MPT-1327 is a industry standard for trunked radio communications networks. It was developed in 1988 by the British Department of Trade and Industry (DTI), and is primarily used in the United Kingdom, Europe, South Africa, and Australia. It uses analog audio on talk channels, and can therefore be monitored by commercial scanners, but no scanner presently decodes the control channel, so true trunk-tracking is not supported - though Winradio and external computer-controlled scanning of MPT-1327 systems is possible.
Systems based on MPT 1327 generally consist of several radio channels. At least one of these channels is defined as the control channel (CC) and all other channels are traffic channels (TCs). Data messages between mobiles and the network are exchanged on the control channel at 1200 bits per second. Each subscriber in an MPT-1327 trunked radio network has a unique call number. It consists of a prefix (3 digits), the fleet number (4 digits) and the subscriber’s call number within the fleet (2 or 3 digits). After it has been entered the call number will be converted in the mobile to a 20-bit address.
For the duration of his call, a subscriber is exclusively allocated a traffic channel from the available trunk.
The different types of communications on an MPT-1327 network and their definitions:
- Mobile-mobile in a cell
- Mobile-mobile in different cells
- Mobile-line access unit via landline or radio
- Mobile-dispatcher station via landline or radio
- Mobile-PABX, Mobile-PSTN
- Status messages on the CC (5-bit data length)
- Short data messages on the CC (186-bit data length)
- Transparent data transmission on the TC (Non Prescribed Data calls)
- Point to point connections
- Group calls with talk entitlement
- Group calls without talk entitlement
Software for copying this mode can be found on our Trunked Radio Decoders page. In addition the Winradio Trunking Option can handle this mode
MPT-1327 groups and radios are each assigned a unique 20-bit number, consisting of a Prefix (the first seven bits), and an Ident (the remaining thirteen bits). Prefixes range from 0 to 127, and Idents range from 1 to 8100.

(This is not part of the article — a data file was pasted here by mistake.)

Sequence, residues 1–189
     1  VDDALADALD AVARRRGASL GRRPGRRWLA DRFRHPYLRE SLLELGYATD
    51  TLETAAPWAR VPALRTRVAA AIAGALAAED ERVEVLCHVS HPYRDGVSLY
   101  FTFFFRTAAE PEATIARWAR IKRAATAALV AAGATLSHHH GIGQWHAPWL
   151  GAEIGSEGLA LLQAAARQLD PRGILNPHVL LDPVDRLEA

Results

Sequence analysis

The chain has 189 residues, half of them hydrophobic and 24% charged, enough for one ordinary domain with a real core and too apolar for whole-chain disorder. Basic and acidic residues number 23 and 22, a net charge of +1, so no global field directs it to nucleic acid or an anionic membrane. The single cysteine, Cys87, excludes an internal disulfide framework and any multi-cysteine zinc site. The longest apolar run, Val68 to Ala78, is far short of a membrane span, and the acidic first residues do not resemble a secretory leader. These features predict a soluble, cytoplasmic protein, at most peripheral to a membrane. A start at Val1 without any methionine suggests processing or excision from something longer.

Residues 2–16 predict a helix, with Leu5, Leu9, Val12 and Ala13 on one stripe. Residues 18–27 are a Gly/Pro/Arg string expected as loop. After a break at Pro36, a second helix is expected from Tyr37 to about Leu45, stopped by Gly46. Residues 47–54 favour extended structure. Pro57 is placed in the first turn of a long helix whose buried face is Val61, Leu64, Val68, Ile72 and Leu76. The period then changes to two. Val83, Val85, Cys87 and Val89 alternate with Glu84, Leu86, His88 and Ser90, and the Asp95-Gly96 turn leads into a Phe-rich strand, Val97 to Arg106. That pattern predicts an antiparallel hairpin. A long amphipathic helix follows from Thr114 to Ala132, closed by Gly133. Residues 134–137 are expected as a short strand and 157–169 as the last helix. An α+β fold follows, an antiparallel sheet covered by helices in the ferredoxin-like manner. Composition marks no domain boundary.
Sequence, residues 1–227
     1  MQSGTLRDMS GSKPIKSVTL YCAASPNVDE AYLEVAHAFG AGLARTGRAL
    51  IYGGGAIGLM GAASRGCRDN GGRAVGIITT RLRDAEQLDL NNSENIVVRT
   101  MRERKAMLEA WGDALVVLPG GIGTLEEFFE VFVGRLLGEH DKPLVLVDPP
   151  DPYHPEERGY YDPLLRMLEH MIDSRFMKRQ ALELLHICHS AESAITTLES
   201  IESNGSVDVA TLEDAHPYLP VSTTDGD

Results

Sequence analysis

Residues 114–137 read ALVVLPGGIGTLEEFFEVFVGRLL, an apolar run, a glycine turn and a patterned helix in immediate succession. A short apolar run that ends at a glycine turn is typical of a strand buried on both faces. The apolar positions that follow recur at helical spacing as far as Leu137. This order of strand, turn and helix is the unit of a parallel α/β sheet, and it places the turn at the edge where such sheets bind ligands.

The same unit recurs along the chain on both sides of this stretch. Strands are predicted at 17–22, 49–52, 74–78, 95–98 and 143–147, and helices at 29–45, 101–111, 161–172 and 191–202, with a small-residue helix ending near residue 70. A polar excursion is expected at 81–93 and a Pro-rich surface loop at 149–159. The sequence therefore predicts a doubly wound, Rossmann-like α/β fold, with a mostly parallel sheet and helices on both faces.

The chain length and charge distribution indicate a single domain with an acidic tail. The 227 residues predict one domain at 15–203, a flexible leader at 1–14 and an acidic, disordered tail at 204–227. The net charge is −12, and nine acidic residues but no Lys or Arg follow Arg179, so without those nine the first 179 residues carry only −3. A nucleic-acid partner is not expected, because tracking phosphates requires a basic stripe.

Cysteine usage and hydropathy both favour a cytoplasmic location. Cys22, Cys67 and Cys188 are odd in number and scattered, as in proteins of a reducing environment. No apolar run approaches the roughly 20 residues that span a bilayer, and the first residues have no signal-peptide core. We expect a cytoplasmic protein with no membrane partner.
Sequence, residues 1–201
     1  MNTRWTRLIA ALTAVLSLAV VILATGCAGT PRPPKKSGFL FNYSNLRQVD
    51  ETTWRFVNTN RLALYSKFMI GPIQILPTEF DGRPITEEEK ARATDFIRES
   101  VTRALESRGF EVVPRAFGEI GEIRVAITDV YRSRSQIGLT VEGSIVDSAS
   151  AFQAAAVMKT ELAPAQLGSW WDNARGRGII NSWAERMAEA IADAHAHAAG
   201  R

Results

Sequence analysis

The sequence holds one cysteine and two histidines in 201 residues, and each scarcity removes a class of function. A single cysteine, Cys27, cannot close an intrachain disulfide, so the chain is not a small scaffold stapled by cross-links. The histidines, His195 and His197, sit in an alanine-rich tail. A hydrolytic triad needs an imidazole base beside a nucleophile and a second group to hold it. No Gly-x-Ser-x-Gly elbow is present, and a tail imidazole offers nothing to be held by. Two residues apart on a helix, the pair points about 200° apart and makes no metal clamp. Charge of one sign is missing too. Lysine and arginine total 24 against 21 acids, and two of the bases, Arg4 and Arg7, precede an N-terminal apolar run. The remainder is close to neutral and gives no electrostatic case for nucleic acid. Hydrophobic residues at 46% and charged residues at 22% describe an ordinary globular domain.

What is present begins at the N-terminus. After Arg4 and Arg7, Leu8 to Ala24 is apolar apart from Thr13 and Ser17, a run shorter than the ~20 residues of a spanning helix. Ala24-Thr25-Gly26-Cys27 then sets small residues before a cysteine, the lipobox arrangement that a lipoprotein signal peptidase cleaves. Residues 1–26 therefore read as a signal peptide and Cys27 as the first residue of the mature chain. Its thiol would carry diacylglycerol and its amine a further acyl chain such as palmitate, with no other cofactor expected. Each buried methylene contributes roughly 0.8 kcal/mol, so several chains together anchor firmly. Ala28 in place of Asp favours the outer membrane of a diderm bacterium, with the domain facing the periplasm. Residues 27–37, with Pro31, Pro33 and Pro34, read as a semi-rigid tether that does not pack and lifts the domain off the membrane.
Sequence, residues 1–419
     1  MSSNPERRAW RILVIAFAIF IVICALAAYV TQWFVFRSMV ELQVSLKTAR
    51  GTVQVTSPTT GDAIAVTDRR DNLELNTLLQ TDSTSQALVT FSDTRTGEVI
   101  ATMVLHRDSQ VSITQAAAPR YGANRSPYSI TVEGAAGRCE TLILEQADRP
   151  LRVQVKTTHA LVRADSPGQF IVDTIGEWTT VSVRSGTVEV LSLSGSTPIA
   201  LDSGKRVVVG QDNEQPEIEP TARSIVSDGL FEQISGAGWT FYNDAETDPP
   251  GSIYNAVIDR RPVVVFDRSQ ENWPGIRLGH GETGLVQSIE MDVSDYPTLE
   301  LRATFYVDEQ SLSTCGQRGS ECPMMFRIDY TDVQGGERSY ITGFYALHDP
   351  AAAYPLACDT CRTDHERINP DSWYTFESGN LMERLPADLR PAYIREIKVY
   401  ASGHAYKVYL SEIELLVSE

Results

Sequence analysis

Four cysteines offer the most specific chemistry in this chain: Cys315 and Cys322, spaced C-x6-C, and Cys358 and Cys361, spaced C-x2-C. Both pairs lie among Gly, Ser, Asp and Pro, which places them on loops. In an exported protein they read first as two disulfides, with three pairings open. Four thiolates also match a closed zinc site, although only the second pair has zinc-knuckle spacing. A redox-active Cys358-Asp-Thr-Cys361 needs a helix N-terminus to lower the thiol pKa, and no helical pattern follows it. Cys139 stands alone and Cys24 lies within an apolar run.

In practice, a mobile radio user will never directly use their radio's raw MPT-1327 ID. The mobile radio will convert these numbers to a format defined by a numbering scheme for display to, and entry by, a user. Numbering schemes allow the number space to be further divided into fleets, to enable grouping of particular user groups on a system, in a similar way that area codes are used to divide telephone numbers.
- MPT1343 - the most common form of numbering. Mandatory on UK Band III, and used on most other networks.
MPT1343 numbers are in the form of Fleet Prefix/Fleet Number/Unit Ident (FP/FN/UI) for individual unit numbers, and Fleet Prefix/Fleet Number/Group Ident (FP/FN/GI) for group numbers, where Fleet Prefix ranges from 200 to 327, Fleet Number ranges from 2001 to 6050, and for individual radios, the Unit Ident ranges from 20 to 89 for a small fleet, or 200 to 899 for a large fleet. Group Idents range from 90 to 99 for a small fleet, or 900 to 998 for a large fleet.
For example: 201/2003/200
Group Ident 999 is reserved for an Emergency Phone Number eg., 999 (UK), 911 (USA), 000 (AU) etc.
- ANN - Actionet Numbering, mainly used on networks employing Nokia Actionet infrastructure
- 3RP - Used on networks in France
- CPSX - Used by Chinese police, but rarely seen elsewhere.
French MPT1327 systems may use a signaling variant with an inverted bit stream and different sync patterns in the messages: SYNC=0xB433 and SYNT=0x4BCC..
Can This Mode be Decoded/Trunked?
Currently no scanner can trunktrack a MPT-1327 system. However there are applications that can - see our Trunked Radio Decoders article for more information.